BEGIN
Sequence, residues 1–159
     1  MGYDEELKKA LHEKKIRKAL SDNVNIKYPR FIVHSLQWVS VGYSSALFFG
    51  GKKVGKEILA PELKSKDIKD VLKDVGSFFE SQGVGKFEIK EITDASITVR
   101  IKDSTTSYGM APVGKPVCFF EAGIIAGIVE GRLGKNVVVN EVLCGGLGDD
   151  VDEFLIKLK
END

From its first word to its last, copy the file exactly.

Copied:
Sequence, residues 1–159
     1  MGYDEELKKA LHEKKIRKAL SDNVNIKYPR FIVHSLQWVS VGYSSALFFG
    51  GKKVGKEILA PELKSKDIKD VLKDVGSFFE SQGVGKFEIK EITDASITVR
   101  IKDSTTSYGM APVGKPVCFF EAGIIAGIVE GRLGKNVVVN EVLCGGLGDD
   151  VDEFLIKLK